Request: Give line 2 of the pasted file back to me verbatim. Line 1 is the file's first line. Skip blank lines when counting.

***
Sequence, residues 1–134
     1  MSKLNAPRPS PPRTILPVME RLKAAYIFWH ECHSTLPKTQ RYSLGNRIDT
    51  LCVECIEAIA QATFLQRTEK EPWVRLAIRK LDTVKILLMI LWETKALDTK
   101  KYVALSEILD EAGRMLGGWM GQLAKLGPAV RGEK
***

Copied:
     1  MSKLNAPRPS PPRTILPVME RLKAAYIFWH ECHSTLPKTQ RYSLGNRIDT